Qatar’s drinking water security plans get a boost
July 30 2014 01:09 AM
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Qatar’s plans to achieve drinking water security have made progress with French building materials company Saint Gobain PAM signing two deals worth €200mn to supply pipes for five mega-reservoirs in the country.

An announcement posted on the French multinational corporation’s website said the contracts involved the supply of large diametre pipes, fittings  and valves, which  will be mainly manufactured in France.

“The contracts are part of the  ‘Security Mega Reservoirs’ project managed by Qatar General Electricity and Water Corporation (Kahramaa), which aims to provide the country with a seven-day emergency supply of drinking water,” it added.

Saint Gobain has signed the close to a billion-riyal agreement  with Al Jaber Engineering, one of the major contractors of the multi-billion riyal project.

Kahramaa had set in motion the process of building five primary reservoir and pumping station (PRPS) packages as part of its Water Security Mega Reservoirs project in April this year.

The objective of the project is to provide seven days’ potable water storage in new reservoirs, combined with the existing and future secondary reservoirs, to preserve Qatar’s water quality in line with Kahramaa and World Health Organisation standards. Earlier, Kahramaa had announced the tender for local and international companies to bid for construction of the PRPS packages.

“It (the project) is hugely significant for the utilities sector in the region and globally. As the largest-ever water security undertaking, it is sure to have an impact around the world where other countries are seeking to ensure strategic water supplies for their populations,” Kamiran Ibrahim, managing director, utilities, at Hyder Consulting, the detail design and site supervision consultant on the project, had said on the occasion.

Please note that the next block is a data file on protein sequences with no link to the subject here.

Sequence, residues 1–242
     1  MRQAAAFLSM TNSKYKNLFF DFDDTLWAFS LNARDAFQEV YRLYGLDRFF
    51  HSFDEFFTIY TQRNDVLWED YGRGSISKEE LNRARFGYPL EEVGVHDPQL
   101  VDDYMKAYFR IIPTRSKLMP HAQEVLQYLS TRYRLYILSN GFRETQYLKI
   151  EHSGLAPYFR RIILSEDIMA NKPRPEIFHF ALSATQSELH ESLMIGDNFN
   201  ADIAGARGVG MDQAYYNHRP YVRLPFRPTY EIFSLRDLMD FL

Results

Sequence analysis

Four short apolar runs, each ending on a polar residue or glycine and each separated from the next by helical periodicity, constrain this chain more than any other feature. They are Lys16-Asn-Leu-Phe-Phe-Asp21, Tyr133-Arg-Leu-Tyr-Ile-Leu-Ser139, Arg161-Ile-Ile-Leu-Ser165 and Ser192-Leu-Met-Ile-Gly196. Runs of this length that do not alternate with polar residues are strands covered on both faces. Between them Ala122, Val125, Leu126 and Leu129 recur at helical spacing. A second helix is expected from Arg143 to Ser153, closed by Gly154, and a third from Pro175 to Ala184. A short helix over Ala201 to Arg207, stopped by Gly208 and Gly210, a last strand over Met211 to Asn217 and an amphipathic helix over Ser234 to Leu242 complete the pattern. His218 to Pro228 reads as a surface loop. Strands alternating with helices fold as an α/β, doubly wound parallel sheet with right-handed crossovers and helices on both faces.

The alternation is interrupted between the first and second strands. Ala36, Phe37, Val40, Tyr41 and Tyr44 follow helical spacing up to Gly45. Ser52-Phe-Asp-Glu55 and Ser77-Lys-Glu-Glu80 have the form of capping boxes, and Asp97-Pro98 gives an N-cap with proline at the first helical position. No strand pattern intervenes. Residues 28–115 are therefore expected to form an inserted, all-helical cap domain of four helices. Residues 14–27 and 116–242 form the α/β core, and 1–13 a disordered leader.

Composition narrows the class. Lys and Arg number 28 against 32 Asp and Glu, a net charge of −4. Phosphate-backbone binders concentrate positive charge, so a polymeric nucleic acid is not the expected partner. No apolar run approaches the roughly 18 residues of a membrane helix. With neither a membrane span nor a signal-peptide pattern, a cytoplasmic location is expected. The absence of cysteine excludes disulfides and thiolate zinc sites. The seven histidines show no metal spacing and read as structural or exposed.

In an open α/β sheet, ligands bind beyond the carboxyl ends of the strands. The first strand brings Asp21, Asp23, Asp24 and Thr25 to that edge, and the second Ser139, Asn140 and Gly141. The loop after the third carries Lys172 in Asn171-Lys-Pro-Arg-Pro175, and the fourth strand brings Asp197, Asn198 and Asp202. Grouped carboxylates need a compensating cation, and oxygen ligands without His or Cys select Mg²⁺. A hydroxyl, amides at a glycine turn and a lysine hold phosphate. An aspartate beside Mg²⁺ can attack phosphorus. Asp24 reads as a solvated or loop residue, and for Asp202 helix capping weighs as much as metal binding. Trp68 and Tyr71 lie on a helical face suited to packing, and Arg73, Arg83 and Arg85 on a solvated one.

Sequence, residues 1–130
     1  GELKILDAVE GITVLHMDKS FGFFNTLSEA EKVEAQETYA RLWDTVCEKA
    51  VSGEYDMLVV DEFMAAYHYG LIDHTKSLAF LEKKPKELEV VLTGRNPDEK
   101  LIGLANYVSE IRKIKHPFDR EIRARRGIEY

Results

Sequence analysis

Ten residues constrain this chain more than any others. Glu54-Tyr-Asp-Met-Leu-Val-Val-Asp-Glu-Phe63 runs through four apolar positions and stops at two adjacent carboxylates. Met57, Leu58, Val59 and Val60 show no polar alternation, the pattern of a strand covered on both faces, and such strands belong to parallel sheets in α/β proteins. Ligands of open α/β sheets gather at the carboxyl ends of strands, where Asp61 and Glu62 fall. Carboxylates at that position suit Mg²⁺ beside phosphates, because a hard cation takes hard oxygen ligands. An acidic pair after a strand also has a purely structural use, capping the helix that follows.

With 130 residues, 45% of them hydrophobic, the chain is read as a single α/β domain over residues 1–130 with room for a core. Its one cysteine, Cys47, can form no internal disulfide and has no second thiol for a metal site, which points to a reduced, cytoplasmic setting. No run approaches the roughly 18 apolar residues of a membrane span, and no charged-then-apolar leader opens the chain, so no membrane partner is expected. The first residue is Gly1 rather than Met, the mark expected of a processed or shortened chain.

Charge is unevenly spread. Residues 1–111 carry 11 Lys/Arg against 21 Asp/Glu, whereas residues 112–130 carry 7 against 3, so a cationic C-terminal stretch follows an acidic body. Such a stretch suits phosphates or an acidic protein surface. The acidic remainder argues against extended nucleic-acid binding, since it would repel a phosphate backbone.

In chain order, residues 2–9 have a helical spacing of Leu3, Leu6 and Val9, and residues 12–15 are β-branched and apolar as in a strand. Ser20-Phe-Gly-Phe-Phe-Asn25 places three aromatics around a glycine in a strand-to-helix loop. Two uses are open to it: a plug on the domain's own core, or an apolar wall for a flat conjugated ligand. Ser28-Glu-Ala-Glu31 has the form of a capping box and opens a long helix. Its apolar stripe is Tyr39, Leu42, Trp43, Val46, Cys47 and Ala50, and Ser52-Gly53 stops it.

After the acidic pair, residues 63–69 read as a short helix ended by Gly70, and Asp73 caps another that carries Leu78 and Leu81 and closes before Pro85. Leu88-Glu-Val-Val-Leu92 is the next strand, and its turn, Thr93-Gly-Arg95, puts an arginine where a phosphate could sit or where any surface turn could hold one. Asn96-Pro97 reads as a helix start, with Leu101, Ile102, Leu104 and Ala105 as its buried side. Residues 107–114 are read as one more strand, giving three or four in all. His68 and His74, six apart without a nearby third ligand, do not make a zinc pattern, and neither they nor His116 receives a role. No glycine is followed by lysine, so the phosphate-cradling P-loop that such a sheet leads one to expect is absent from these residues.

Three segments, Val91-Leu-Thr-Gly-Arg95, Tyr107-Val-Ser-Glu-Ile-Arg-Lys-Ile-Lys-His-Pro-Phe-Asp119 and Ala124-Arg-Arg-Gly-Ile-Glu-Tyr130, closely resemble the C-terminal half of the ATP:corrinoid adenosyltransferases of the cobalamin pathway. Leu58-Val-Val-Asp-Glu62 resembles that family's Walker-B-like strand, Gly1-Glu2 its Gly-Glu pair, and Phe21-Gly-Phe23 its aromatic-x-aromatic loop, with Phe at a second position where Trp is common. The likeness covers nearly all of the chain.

The five mega reservoir sites are located at Umm Birka, Umm Salal, Al Thumama, Rawdhat Rashid and Abu Nakhla.

The project entails the construction of the mega reservoirs and approximately 200km of large-diameter ring mains. Each reservoir site will ultimately include up to nine reservoir modules, each of which will be among the largest of its type in the world.

The reservoirs and pipeline network, with associated pumping stations, will provide up to 17mn cubic metres of strategic potable water storage. A massive ring main system will be provided between the independent water and power generation plants, allowing water to flow from north to south and vice-versa, so that it may be delivered to any location in eastern Qatar irrespective of water availability.

Hyder has been working closely with Kahramaa since March 2012 to fast-track the unique design of mega reservoirs, pumping stations and pipework to meet its client’s ambitious programme.

This technically demanding undertaking involves complex hydraulics and operational philosophies, mixed with the engineering and stakeholder challenges associated with delivering such significant volumes of water storage and networking, a company spokesman said.

Hyder has devised a detailed fast-track design, procurement and construction sequence to achieve project completion as scheduled in 2017.

According to earlier reports, the pumping stations will be powered by electricity generated by solar panels.

Solar equipment will be installed on the surface of reservoirs to generate electricity, enabling each reservoir to function independently using solar power in case of any emergency.

Though a desert country with hardly any freshwater resources, Qatar’s water usage is among the highest in the world per capita. Qatar has initiated several measures, the most important being Tarsheed, to create awareness about the need to use water and electricity wisely.

In April this year, the Minister of Energy and Industry HE Dr Mohamed bin Saleh al-Sada  said the ongoing Tarsheed campaign for the conservation and efficient use of energy and water has helped the country reduce consumption substantially in the past one year.

He pointed out that there had been a 10% reduction in the consumption of electricity and 6% in water in 2013-14 compared to the previous year.

Water is a key issue in Gulf states where most supplies come from desalination facilities. The region generates about 40% of total desalinated water in the world.

 

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